The presence of returning Koreans enhances campus diversity.

While the higher price point of IGC tuition in Korea – tuition rates were agreed upon jointly by the foreign universities to reduce internal competition – was not an obstacle for some families, it was discovered that Korean student loans may not be applied at a non-Korean university. The relevant ministry is now working with IGC leaders to propose a legislative change giving IGC students access to such loans.

Perhaps the biggest surprise was that whereas foreign universities had expected students to be drawn first and foremost to specific programmes of study, it seems that many are attracted particularly to the idea of a collaborative university and that choosing degree programmes is secondary to this. IGC schools are thus thrust into competition for some of the same students through offers of scholarships and internships.

On a related note, students profess strong interest in taking courses from IGC institutions in addition to the one where they matriculate. Course-sharing agreements make financial sense, but the reality of needing to retain tuition revenue had slowed down the development of a plan to share courses.

Student demand has encouraged universities to move more quickly. Students are also helping to create a joint campus identity in other ways. Some have organised intercollegiate competitive e-gaming teams and other collaborative events that have contributed to building cross-campus ties and probably increased retention.

The growing season

The panellists noted that the foreign universities and Korean sponsors agreed to grow together.

Still, funders' and universities’ predictions about the length of the growing season have varied. If a contract states that a library will be established when needed, for instance, funders may not see the need for a library to service a handful of students whereas foreign partners consider a good library a minimum requirement for a university and a gathering point that fosters community.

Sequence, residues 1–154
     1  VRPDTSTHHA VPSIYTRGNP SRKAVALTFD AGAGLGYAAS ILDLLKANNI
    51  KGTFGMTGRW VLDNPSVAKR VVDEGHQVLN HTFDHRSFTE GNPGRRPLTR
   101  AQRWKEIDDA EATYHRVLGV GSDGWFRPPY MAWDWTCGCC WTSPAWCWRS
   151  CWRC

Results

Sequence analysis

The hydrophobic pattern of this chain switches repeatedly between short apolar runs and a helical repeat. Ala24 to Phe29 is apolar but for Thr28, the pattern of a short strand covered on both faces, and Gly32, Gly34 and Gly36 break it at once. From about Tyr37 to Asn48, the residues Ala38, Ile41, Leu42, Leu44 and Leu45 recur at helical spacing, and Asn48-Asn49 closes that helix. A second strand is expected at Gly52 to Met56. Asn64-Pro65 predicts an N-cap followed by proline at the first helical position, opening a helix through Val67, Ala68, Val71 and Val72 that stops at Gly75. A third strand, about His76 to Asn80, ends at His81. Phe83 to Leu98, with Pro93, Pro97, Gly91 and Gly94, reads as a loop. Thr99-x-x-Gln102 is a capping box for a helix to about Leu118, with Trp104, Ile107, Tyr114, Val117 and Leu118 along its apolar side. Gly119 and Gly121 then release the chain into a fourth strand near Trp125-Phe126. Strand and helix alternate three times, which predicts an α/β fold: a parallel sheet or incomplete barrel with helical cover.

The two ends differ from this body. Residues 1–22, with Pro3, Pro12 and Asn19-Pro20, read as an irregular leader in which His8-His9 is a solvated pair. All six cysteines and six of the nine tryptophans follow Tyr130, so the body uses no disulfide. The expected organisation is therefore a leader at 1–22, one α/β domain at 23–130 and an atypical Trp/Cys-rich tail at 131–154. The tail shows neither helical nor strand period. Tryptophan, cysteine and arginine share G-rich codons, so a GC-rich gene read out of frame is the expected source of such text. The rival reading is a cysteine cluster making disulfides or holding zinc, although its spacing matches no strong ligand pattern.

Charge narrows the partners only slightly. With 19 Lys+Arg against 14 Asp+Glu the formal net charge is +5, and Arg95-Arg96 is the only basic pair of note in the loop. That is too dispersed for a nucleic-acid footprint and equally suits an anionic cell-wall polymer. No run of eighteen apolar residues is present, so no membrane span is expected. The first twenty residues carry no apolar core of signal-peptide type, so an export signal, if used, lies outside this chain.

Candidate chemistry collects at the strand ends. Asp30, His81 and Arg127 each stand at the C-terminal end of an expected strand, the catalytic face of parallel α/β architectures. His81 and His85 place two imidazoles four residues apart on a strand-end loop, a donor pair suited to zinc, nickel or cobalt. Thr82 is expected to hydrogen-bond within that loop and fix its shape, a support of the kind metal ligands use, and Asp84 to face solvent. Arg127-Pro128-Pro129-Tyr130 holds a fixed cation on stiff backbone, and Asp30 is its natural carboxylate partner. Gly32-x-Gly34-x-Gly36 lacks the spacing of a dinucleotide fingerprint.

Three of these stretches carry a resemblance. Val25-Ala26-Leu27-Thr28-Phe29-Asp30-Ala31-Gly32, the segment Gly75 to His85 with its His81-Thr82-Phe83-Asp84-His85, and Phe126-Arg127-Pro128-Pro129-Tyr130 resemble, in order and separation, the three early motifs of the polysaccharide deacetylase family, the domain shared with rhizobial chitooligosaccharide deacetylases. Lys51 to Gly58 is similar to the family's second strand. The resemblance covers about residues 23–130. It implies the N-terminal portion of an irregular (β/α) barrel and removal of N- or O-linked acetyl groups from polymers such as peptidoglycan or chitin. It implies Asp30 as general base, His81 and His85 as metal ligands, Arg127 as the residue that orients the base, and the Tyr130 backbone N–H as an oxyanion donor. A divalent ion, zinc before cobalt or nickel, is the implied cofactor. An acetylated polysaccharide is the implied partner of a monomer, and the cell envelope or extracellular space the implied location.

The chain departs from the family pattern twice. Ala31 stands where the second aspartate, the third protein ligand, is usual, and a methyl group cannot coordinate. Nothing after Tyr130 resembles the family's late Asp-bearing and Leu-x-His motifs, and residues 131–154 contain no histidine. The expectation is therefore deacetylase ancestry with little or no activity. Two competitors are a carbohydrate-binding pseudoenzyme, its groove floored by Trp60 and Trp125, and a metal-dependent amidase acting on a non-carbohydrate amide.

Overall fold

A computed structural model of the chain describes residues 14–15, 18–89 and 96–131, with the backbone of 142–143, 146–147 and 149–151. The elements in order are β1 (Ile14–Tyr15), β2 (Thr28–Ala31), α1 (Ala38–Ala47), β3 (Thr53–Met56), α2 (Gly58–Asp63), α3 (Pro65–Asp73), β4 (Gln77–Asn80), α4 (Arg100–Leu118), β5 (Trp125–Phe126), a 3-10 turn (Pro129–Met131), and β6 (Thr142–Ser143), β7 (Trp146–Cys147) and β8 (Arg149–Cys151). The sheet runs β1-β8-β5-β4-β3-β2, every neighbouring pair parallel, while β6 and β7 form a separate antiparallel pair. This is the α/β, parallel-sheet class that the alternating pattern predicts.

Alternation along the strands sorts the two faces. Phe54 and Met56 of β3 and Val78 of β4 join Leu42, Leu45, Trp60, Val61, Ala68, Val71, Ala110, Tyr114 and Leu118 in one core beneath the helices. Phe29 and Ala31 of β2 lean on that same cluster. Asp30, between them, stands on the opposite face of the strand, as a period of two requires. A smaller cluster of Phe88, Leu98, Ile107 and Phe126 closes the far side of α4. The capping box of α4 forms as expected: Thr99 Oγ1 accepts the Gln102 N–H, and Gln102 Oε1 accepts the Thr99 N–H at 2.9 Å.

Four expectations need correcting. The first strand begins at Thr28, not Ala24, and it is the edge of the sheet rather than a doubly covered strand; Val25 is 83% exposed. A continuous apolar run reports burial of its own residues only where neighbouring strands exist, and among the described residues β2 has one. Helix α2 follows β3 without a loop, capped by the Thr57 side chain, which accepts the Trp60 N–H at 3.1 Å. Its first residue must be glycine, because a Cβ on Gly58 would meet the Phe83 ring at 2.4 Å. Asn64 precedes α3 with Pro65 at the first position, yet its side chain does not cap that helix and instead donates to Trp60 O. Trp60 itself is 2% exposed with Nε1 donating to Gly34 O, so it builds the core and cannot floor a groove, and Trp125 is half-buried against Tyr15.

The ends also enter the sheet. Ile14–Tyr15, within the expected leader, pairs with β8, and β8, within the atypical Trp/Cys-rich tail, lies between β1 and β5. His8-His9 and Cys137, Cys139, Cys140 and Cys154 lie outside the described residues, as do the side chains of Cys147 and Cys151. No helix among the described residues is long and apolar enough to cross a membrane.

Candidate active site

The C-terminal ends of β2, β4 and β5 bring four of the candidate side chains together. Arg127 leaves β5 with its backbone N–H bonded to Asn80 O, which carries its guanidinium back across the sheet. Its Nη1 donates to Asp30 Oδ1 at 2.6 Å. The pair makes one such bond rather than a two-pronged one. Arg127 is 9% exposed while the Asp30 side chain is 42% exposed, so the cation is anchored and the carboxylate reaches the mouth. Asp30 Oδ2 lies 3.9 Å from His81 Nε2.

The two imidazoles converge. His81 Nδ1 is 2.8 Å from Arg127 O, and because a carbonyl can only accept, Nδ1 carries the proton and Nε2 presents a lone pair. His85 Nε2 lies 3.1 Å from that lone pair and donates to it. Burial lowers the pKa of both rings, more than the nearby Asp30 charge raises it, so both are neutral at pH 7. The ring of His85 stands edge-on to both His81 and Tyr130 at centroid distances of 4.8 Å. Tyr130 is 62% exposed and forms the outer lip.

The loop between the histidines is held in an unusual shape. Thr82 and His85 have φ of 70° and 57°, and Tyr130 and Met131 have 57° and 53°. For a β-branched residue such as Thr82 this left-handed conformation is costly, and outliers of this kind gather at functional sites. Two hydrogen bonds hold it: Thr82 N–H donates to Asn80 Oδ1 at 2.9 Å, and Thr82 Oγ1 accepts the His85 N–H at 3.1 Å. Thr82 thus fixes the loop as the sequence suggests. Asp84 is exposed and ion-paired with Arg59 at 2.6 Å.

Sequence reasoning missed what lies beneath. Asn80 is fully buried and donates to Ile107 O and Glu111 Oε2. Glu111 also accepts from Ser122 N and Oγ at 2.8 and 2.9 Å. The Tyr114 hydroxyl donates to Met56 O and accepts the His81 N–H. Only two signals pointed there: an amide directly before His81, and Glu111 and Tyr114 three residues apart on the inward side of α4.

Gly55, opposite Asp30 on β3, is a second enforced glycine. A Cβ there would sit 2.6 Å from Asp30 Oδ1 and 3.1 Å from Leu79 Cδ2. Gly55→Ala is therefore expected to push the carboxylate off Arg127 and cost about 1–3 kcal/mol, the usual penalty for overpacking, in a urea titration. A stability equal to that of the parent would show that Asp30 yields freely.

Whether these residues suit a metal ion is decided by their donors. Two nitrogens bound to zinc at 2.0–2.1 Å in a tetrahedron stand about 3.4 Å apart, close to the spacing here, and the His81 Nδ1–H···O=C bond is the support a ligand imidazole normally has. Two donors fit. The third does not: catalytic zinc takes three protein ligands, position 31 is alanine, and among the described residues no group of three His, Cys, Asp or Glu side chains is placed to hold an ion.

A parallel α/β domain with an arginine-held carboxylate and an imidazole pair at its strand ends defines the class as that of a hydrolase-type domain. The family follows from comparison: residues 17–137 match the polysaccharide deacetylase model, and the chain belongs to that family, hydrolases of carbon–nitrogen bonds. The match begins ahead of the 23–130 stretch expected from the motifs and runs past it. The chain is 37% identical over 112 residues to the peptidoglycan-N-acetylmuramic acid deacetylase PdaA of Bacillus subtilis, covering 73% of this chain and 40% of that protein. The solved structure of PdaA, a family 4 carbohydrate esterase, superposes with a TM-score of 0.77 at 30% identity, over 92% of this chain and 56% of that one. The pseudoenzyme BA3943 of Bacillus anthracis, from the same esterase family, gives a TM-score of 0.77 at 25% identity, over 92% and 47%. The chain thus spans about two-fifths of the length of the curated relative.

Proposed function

Office needs provide another example. Panellists recalled stressing their start-up status to parents of prospective students as being the reason why they did not always have quite enough chairs for visitors. All things may not be equal even in equal partnerships.

Other lessons learned included the importance of developing appropriate strategies to ensure close integration with the home campus while avoiding problems that may come with being managed multiple time zones away. An example is hiring and retaining good-quality local staff.

Just as a funder may suggest that an extended or branch campus doesn’t need particular facilities until a critical mass of students has been reached, universities in the home country should be helped to understand that allowing the overseas campus to hire more staff only when they reach the same student to employee ratio as the home campus can lead to unworkable overloads.

Freshman year at IGC was full of surprises, not least of which was that it is impossible to prepare for every scenario. As one panellist put it, an initiative of this kind is not for the faint of heart.

Given its unique alchemy of excellent location, strong global partners and bright students, however, IGC has enormous potential to become an exceptional campus and model of cooperative cross-border collegiality.

Anne Schiller is professor of anthropology at George Mason University, USA, and served as founding vice-president of the Office of Global Strategies throughout the planning and launch of Mason’s Korea Campus.